Tomas is swinging a lot. Of 297 players with at least 60 plate-appearances, only 33 players have swung more often. That places him just outside the top 10% of free swingers in the game. That would be fine if he were receiving a proportional number of pitches in the zone, but he’s not. Almost 80% of the players in this sample have received more pitches in the strike zone than Tomas. So, that tells us one thing: he’s been expanding the zone. Sure enough, he’s swinging at over 39% of pitches outside the strikezone, placing him on the fringes of the top 10% of those willing to chase. In case you’re a visual learner, here’s what that looks like:
This is where he’s swinging, and given that we’ve figured out that he’s chasing a lot of pitches out of the zone, this is a bit of a surprise. I completely expected to see him chasing low-and-away, but that’s not the case. Instead, he’s tried to hit nearly every pitch that’s inside. He’s not striking out much, so he’s making contact, but he’s clearly looking to the hit the ball in one areas of the strikezone: inside. If we look at where he’s getting pitches in the first place, maybe we can find a clue as to why.
Nope, nothing really conclusive there. Pitchers have tried to get him to chase those pitches down and away, but as we can see, he’s done a good job of laying off. I don’t know, I kind of like this. Sure, he’s expanding some, but he’s doing so in an area that allows him to maximize the raw power that found its way into all of those scouting reports. If he were to be chasing all of those pitches low and away, that would be more troubling as there’s nothing a hitter can really do with those pitches anyways. It could be an issue of him getting around on those pitches inside, something that he’s probably adjusting to.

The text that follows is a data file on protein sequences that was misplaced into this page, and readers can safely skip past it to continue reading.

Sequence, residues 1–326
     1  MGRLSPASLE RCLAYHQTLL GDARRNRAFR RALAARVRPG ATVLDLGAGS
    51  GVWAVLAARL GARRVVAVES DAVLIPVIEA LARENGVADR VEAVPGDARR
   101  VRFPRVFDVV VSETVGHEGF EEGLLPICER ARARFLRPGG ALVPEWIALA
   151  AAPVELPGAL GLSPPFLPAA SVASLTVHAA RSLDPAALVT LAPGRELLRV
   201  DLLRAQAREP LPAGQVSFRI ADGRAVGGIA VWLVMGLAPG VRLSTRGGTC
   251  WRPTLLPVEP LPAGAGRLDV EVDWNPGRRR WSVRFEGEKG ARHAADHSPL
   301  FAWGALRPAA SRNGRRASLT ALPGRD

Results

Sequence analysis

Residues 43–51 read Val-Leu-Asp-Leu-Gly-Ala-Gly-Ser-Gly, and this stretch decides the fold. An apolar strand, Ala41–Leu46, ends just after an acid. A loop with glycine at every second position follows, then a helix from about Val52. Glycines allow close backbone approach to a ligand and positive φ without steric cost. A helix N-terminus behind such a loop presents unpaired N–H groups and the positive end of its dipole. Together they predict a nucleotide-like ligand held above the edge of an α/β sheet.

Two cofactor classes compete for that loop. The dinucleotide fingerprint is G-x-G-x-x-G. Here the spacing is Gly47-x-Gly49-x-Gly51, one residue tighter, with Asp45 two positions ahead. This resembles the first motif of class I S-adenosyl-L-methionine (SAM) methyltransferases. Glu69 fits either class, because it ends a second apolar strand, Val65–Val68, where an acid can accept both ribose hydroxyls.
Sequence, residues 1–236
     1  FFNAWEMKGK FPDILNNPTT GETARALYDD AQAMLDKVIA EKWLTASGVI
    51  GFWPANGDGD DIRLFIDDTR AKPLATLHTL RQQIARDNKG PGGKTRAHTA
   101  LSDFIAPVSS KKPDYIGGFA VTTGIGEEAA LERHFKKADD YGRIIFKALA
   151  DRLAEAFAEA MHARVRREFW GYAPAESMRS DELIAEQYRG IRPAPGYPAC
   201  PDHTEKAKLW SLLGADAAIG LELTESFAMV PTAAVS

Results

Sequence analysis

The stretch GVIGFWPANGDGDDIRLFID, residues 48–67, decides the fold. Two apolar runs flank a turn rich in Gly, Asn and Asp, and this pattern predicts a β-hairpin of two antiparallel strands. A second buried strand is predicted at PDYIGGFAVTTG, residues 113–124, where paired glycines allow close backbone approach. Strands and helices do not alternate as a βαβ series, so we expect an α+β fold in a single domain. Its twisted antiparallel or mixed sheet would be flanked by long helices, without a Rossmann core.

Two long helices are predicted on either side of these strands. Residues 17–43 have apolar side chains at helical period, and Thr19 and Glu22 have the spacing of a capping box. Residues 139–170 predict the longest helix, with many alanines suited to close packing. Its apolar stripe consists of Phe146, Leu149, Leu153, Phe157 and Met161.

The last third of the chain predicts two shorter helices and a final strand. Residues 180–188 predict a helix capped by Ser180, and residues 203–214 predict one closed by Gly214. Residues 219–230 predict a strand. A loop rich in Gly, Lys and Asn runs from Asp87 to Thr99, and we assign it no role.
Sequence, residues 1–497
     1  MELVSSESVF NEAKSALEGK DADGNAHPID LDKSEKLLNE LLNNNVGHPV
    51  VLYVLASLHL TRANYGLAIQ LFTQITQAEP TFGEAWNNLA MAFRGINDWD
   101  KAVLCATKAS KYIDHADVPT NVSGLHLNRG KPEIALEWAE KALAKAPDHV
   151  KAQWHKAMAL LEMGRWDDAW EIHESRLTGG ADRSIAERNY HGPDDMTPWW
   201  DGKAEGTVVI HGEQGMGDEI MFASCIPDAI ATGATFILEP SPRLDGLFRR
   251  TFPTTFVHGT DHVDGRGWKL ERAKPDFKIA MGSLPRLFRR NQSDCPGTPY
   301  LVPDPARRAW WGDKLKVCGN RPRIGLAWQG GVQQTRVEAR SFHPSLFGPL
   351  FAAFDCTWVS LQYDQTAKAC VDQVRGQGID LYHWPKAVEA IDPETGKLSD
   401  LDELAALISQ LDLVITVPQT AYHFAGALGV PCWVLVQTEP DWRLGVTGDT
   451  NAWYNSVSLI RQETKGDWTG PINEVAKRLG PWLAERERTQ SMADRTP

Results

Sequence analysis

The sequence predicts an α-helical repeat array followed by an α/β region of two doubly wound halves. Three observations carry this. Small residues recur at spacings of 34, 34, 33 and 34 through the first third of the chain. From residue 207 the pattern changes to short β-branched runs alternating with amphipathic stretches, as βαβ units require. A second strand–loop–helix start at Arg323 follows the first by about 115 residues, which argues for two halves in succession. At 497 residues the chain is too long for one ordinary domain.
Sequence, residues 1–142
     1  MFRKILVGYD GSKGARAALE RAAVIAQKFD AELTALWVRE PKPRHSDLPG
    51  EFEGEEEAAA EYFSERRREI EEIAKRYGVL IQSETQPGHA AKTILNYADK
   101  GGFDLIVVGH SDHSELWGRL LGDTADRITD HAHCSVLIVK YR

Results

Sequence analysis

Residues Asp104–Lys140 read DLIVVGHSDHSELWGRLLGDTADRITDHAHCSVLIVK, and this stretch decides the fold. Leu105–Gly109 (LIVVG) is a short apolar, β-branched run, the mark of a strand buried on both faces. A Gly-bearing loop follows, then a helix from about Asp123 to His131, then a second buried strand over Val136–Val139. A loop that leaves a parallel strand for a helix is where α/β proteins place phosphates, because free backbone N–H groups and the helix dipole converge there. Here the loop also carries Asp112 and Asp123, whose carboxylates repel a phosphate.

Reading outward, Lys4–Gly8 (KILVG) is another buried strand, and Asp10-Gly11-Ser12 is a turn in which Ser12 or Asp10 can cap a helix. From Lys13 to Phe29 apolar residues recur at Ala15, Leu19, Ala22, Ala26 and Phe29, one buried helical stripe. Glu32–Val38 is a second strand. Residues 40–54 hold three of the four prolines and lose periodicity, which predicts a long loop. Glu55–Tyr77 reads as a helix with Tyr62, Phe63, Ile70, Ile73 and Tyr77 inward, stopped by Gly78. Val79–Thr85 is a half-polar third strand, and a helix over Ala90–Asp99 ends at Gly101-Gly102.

And maybe he’s already making that adjustment. While talking to Ryan yesterday about this topic, he relayed the following information:
…Tomas is really starting to gain some traction. In the last two weeks, Tomas has collected 33 PA — and slashed .344/.364/.438. He has a dramatic reverse platoon split right now, but in reviewing who he’s faced, it looks to me like the LHP he’s faced have been fairly difficult, and he’s only been asked to hit RHP when success was maybe more likely. He’s also been asked to pinch hit 8 times with just 2 singles to show for it, also dragging down his LHP